The Montana Supreme Court has ruled that Edward Ghostbear, who is being held in Montana State Prison for allegedly raping a 7-year-old girl in Havre, will get a new trial.
The judge who presided over the trial in Havre, former 12th Judicial District Judge Dan Boucher, made a legal mistake by not excusing a potential juror who raised serious doubts about whether she could be impartial, the high court said.
Ghostbear, born in 1977, is serving a five-year sentence for felony sexual assault handed down by Boucher in September 2017. He is accused of repeatedly raping the daughter of his then-girlfriend in the basement of a former Havre church in 2011.
In its opinion issued Tuesday, the Supreme Court said the juror’s statements during jury selection “evinced an inability to act with impartiality and without prejudice toward Ghostbear.” The juror “openly and continually stated…that she was inclined to believe a child’s testimony regarding sexual abuse because the child had come as far as testifying in court.”
When Ghostbear’s attorney asked the judge to remove “Juror G.,” Boucher denied the request. Ghostbear then had to use one of his peremptory challenges to remove the juror, an option that allows attorneys to have potential jurors removed without reason. Having to use one of those challenges to remove Juror G. gave Ghostbear one less peremptory challenge.
In response to the appeal, the Attorney General’s office argued against the validity of this argument. First, the juror was dismissed nonetheless. Also, although lawyers are usually limited to six peremptory challenges, Boucher allowed eight peremptory challenges in this case.
Ghostbear appealed his sentence to the Supreme Court in March 2019.
The parties involved, including the Hill County attorney, have 15 days to ask the court to reconsider its decision. If that doesn’t happen, the case will be sent back to Hill County, where it originally was filed.
The justices outlined the exchange they believe to be evidence of Boucher’s mistake:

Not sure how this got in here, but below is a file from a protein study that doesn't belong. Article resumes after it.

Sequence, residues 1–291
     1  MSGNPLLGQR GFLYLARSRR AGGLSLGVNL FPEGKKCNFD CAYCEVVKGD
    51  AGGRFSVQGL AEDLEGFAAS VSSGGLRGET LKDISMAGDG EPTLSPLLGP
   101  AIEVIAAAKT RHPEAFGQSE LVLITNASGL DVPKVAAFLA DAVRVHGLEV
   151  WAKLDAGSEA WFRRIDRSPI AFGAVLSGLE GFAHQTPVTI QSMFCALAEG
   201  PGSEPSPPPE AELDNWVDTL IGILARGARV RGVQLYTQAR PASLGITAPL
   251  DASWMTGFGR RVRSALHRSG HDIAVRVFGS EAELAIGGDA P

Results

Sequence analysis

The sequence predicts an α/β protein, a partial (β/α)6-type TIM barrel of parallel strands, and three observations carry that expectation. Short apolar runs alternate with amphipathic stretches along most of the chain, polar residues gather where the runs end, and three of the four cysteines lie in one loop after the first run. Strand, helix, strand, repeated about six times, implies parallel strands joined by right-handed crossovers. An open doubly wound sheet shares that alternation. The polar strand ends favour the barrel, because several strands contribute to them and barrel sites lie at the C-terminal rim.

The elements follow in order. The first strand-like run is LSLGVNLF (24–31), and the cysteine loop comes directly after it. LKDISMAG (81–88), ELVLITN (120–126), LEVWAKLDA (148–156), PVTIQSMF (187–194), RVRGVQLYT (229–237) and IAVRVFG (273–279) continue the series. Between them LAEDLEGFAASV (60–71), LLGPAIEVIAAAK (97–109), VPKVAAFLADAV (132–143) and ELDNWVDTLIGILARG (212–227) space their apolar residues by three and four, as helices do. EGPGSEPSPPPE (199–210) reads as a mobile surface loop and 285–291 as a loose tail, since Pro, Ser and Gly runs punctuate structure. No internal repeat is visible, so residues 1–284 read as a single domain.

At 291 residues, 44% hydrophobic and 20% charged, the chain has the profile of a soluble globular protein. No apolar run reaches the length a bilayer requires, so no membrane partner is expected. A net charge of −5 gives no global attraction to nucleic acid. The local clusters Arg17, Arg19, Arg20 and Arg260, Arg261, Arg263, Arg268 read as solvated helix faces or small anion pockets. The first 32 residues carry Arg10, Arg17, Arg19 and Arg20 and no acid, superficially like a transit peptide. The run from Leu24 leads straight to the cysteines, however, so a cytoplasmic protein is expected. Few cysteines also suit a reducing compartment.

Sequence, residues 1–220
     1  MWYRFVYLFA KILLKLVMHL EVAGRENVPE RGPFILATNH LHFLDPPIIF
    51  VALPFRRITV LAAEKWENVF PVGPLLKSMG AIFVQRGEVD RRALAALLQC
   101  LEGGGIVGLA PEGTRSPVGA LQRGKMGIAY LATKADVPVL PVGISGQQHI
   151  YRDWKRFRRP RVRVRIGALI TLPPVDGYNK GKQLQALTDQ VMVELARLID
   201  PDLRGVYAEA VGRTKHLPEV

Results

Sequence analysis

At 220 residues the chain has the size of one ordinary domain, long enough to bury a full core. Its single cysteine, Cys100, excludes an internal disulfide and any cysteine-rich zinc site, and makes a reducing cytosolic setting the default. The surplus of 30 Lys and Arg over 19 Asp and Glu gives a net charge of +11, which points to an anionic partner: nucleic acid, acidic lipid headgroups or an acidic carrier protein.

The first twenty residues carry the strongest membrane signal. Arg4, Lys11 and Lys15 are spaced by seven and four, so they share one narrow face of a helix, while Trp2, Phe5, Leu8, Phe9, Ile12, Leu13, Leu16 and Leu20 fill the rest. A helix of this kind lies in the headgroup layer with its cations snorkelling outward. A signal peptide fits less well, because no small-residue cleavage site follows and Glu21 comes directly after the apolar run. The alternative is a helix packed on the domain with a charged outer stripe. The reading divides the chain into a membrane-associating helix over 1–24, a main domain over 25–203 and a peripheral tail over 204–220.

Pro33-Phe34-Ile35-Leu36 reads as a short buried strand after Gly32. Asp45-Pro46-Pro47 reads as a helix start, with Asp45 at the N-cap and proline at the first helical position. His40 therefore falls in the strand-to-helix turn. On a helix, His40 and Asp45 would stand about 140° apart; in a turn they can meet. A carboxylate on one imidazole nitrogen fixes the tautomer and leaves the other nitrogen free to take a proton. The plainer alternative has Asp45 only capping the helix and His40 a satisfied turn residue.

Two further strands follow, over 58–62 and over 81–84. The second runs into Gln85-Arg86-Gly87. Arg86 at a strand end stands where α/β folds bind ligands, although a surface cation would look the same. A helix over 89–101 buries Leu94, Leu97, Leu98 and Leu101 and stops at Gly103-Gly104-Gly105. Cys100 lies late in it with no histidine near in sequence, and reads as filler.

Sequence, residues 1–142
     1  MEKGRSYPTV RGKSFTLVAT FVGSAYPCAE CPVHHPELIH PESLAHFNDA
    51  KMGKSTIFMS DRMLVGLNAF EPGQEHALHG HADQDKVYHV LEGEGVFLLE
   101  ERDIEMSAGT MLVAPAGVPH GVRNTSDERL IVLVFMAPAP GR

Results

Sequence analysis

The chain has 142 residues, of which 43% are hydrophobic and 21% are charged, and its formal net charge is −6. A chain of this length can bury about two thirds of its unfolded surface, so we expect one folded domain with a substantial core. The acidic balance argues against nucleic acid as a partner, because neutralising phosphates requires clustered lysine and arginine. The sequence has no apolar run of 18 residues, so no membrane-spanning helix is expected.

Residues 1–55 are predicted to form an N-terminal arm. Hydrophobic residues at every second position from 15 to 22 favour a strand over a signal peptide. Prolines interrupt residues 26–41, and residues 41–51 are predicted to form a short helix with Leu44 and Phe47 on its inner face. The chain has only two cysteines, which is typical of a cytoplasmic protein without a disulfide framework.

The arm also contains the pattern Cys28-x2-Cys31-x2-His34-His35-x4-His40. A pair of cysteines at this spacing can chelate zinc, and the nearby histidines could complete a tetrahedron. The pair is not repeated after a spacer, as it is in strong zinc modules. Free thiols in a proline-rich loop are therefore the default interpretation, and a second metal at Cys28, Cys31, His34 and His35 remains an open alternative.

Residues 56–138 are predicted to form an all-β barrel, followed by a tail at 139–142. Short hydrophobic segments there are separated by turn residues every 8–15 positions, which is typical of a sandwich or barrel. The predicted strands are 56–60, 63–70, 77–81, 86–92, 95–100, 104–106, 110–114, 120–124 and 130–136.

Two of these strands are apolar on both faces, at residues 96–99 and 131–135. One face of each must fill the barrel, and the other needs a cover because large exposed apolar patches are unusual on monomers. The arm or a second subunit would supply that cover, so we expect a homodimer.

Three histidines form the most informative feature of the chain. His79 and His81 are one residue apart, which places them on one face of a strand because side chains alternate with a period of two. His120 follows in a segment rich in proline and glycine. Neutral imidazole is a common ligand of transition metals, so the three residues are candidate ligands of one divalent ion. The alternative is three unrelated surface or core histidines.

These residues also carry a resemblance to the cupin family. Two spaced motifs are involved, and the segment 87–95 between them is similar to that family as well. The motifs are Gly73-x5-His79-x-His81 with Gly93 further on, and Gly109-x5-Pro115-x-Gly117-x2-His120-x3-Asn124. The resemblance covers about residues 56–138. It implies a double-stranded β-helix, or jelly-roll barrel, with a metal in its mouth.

Ghostbear’s attorney discussed with the prospective jurors whether they would be inclined to believe a child witness’s testimony regarding sexual abuse. One person, Juror G., said she believed a child witness who is “coming this far” to testify in court should be believed.
Ghostbear’s attorney asked the juror, “The very fact that she sits in the chair, comes to court, you’re going to believe her, aren’t you?”
“Yes,” the juror replied.
She then was asked, “If you heard her — the testimony and she said, she went through the trouble coming, you would believe her?”
“Yes,” the juror responded.
Ghostbear’s attorney then moved to remove the juror.
During questioning by the prosecutor, the juror reiterated her position that she was inclined to believe the child’s testimony, but stated her belief “may change depending on what [she] heard.”
Boucher then asked the juror if her “presumption is so strong that a child witness must be believed, that you could not be fair to the Defendant or the State in this case?”
“I would try to be fair, but I don’t think I could do it,” the juror responded.
Boucher then asked the juror if her response was “based on [her] feeling that the child witness is telling the truth,” to which she replied yes.
Boucher told the juror she must listen to all the evidence and the court’s instructions before making a decision.
The juror said, “It would be hard. I’m sorry. It would be hard to — I can listen to all of it but I’m not sure if that by itself would cause me to convict.”
The justices’ opinion said Boucher abused his discretion because the juror’s statement during jury selection raised “serious doubts about the juror’s ability to be fair and actual.”
Ghostbear has maintained his innocence throughout the case.
READ MORE ON THIS CASE:
- Attorney General Opposes New Ghostbear Trial
- Two Roads To Freedom: A Man Convicted Of Rape In Havre Maintains His Innocence
Editor’s note: This story has been updated.
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Write to Paul Dragu at firstname.lastname@example.org